On 5/31/1890 a Louisville, Kentucky firefighter died “while fighting a fire at the DuPont Paper Company. He was overcome by heat and smoke. He was carried out of the building by other members of Engine Company 9 but died about 15 minutes later.”
On 5/31/1908 a London, Ontario, Canada firefighter was “overcome by smoke during a basement fire at the City Hotel at Dundas and Talbot Streets. He had been reported missing before crews left the scene, but after a look around, they returned to the station. Upon returning to the station, it was found that he was still missing, and crews returned to the Hotel and found his body in the basement.”
On 5/31/1945 an Indianapolis, Indiana firefighter died “while fighting a fire set during a riot at Fort Benjamin Harrison. Two thousand men were being held in a prison compound at the fort for crimes they committed while serving in the Army.”
On 5/31/1961 a Chicago, Illinois firefighter, assigned to the fireboat Fred A. Busse, died while fighting a warehouse fire at the Thomas Paper Stock Company on Goose Island at 1500 Hooker. “The 4-11 alarm fire was started by children playing in an empty freight car near the warehouse. Heavy winds spread the flames into the warehouse, which was heavily stocked with flammable paper products. Around one-fifth of the city’s firefighting apparatus responded to the alarm and firefighters were successful in containing the fire to just one warehouse. The fireboat Fred A. Busse responded to help prevent the flames from spreading away from the island and jumping over the Chicago River.”
On 5/31/1980 two Saskatoon, Saskatchewan, Canada firefighters were killed while fighting a fire in the basement of the Queen’s Hotel. A backdraft occurred, and they became trapped unable to escape the basement. They succumbed to smoke inhalation
On 5/31/1988 a San Francisco, California firefighter “died of the head injuries he sustained after the floor had fallen in the fire building.”
On 5/31/2013 a structure collapse killed four and injured fourteen Houston, Texas firefighters in a five-alarm fire at a restaurant connected to the Southwest Inn and quickly spread to the section of the building housing the motel. About 150 firefighters responded and were able to get it under control within about two hours. “Houston Fire Department units were dispatched to a report of a fire in a motel. Firefighters found a working fire with heavy smoke showing and advanced a 2-½” handline into the structure. Firefighters opened the ceiling as they advanced and found fire in the space above. Firefighters were ordered to withdraw from the structure while a water supply was secured. Once a water supply was established, firefighters advanced into the structure. As firefighters advanced, a structural collapse occurred and trapped several firefighters. Four firefighters were killed as a result of the collapse and over a dozen were injured.” “On March 7, 2017, a fifth firefighter, who lost both his legs due to injuries suffered in the collapse almost four years earlier, died of complications from his line-of-duty injuries.” “The restaurant involved in this incident was part of several buildings in the complex that were constructed in 1966 and were built under adopted building codes that were in effect at the time. The structures on the property consisted of a motel, restaurant, and sports bar consisting of more than 26,000 square feet. The restaurant and sports bar were one-story Type V Wood Frame structures attached to a two-story facility that housed the lobby, offices, banquet rooms and meeting rooms for the motel. The one-story restaurant was built on a concrete slab with no basement. When the facility was constructed in 1966, the building code did not require the installation of a sprinkler system.”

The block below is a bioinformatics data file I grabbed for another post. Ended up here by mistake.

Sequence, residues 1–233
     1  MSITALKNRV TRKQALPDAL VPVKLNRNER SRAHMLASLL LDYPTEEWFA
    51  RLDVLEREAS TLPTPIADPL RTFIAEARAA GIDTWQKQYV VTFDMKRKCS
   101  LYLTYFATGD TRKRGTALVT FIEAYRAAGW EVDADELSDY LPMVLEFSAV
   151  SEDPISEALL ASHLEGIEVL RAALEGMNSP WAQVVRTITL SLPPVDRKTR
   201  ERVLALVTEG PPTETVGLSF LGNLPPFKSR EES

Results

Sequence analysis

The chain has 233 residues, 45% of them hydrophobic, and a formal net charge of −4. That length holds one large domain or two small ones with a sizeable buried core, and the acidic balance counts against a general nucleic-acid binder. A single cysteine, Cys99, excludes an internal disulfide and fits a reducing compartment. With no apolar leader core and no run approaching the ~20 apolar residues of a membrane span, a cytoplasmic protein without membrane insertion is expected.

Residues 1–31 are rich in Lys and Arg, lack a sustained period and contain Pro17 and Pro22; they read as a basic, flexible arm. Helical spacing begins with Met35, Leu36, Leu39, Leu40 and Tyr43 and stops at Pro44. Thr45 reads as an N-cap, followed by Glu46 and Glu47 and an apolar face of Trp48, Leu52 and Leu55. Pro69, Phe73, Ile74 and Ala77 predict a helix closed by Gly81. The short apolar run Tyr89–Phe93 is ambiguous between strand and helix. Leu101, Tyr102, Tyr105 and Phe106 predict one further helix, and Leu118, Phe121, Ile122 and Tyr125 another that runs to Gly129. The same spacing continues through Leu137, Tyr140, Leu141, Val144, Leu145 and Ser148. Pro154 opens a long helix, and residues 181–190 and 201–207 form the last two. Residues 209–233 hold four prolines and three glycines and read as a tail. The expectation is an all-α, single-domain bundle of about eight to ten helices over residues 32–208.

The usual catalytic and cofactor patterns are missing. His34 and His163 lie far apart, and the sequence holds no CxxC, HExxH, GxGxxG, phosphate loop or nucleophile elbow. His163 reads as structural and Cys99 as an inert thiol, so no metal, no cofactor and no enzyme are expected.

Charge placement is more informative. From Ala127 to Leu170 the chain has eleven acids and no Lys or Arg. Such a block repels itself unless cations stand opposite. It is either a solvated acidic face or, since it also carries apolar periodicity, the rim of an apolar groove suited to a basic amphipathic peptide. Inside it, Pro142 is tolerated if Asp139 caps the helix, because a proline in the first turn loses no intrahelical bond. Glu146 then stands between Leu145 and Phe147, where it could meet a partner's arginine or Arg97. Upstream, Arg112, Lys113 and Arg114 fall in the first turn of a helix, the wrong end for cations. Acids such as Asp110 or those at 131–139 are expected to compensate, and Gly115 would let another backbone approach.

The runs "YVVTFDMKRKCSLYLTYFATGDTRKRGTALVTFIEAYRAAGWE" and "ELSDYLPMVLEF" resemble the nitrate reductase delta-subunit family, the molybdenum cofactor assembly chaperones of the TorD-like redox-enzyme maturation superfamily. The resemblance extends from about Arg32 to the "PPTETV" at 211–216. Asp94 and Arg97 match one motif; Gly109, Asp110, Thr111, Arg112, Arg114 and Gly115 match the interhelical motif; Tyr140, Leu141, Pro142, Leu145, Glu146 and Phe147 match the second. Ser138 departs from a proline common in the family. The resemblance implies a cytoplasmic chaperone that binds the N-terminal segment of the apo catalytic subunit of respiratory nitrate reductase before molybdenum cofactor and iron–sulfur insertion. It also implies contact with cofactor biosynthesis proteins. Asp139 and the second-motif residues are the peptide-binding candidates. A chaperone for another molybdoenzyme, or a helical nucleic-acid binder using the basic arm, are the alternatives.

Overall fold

On 5/31/1974 the United States Army ammunition plant fire near Radford, Virginia, was destroyed by fire.